You are here:Home/News/ Hagia Sophia Meets Plaster Casts

Hagia Sophia Meets Plaster Casts

Posted On September 22, 2020 | 09:25 am | by Julia Ostman | Permalink
Flavia Vanni makes the case for analyzing a material that has persisted from antiquity to today

Flavia Vanni, a PhD candidate in Byzantine studies at the University of Birmingham, was a recent junior fellow in Byzantine Studies. Her research report, “Byzantine Stucco Decoration: Cultural and Economic Implications Across the Mediterranean World, 850–1453,” assembled evidence for stucco use in terms of artisans and workshop practices, iconography, patronage, and Byzantine perception.

 

Q&A with Flavia Vanni 

Why study stucco? 

For many people, stucco is associated with copies. Museums like the British Museum, universities like Oxford and Cambridge, and collections of ancient art used the material to make casts of ancient statues they couldn’t bring from Greece or other places—students would study the plaster casts. (Plaster and stucco are interchangeable here and in the Middle Ages, whereas in the Renaissance, “stucco” was solely used to describe mixtures made of lime.) 

The problem is that stucco has not been treated at all by Byzantinists except for very specific publications. The material has continued to be used from antiquity to today. We know something about stucco in the first centuries of Byzantium. There are famous examples from Hagia Sophia, Ravenna, and Poreč. But there is no study about the evolution after that; we don’t have a bird’s-eye view of nearly six centuries of stucco use. 

I am providing the first synthetic study of stucco between the ninth and the fifteenth century. We need to know what was happening during that time, what changed from the previous period and from antiquity. While at Dumbarton Oaks, I completed a draft of this study and consulted archival material, especially notebooks from the restoration of the Hagia Sophia. I am going to submit my thesis in December 2020.

I hope my study can open the way to systematic archaeometric analysis on this material, including chemical and noninvasive techniques to determine stucco mixtures. It’s been used on frescoes, but not on the cornices that frame them! We need to know how the technique evolved in order to preserve them well. Thanks to the generous support of the Mary Jaharis Center for Byzantine Art and Culture, I will be able to collaborate with an art diagnosis center in Greece to start testing some case studies.

As with any material, you don’t just have a stucco object: the object is a product of the person who made it. Through the object, you can get information about the person or the group of people involved. Since stucco in Byzantium has not been very well-studied, we’re also missing the histories of these people.

  

Who worked with stucco?

Artisans. In some cases there were stucco specialists, but in other cases painters and sculptors could have worked this material—written sources show evidence for both specialists and multitasking artisans. So I cannot make a generalization because the material evidence is so varied that I evaluate case by case.

For example, in the twelfth-century church of Saint Panteleimon in Nerezi in Northern Macedonia, I agree with other scholars that the stucco was worked by the same people who were working the marble. In other cases, it is less clear because the plaster of the paintings on the wall continues directly into the molded plaster of the stucco. So in that case, either the artisans were working side by side on the same scaffolding, or they were the same person.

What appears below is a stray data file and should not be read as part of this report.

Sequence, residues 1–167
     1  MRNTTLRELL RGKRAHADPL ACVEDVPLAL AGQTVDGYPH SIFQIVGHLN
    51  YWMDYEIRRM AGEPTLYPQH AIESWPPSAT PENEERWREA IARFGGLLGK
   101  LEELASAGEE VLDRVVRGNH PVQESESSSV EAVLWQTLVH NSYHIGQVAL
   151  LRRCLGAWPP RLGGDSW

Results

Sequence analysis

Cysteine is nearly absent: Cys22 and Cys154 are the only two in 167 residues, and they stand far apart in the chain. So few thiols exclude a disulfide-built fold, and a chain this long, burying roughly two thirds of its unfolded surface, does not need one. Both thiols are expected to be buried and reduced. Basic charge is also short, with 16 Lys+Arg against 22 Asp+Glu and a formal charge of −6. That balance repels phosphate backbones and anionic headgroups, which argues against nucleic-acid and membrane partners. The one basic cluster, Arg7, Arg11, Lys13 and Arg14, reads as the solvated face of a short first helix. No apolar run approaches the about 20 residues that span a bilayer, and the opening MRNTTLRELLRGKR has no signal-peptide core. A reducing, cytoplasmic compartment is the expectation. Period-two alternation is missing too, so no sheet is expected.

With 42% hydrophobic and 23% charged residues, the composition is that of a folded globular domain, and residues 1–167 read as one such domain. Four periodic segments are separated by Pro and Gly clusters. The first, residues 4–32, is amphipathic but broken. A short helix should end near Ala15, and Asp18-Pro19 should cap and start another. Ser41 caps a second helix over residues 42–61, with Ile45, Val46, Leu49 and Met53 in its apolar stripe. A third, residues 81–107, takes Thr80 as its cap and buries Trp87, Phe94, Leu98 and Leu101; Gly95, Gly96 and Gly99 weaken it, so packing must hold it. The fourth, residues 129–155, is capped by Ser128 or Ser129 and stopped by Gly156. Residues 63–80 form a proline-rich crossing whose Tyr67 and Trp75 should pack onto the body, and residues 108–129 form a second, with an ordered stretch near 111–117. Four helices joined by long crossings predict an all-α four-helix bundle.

Why would someone choose stucco decorations for a church? 

When you decorate a building, there are unwritten rules—conventions that come from your culture. One convention that continued from antiquity into Byzantium was using stucco for architectural decorations; authors writing on architecture such as Vitruvius, Isidore of Seville, and Agnellus Ravennatis tell us about it. It was a material people had in mind because it had been there for centuries. 

In specific cases, like some thirteenth-century churches in Epiros, there are liturgical furnishings, like a templon or the iconostasis which are 3D sculptures made from stucco. I think they used stucco because it is a material readily available and signifies local identity, since that kind of stucco production is circumscribed to the area. Stucco can also be an affordable material. Some areas are poor of marble (e.g., Cyprus and Epiros), whereas the materials that compose stucco (gypsum and lime) are widespread in the Mediterranean soil. Also, to make stucco, you can bring your gypsum and lime powder to the church and work there. It is potentially an infinitively divisible cargo, unlike a big piece of marble. 

We need to bear in mind, especially for 3D carvings, that both marble sculpture and stucco sculpture were painted. So until you got up very close, you wouldn’t realize the difference. But this is also the case for sculptures made of limestone. Therefore, someone would use stucco for entangled reasons of both cultural and utilitarian factors.

 

Julia Ostmann was 2018–2020 postgraduate writing and reporting fellow at Dumbarton Oaks. Photo by Elizabeth Muñoz Huber, 2018–2020 postgraduate digital media fellow.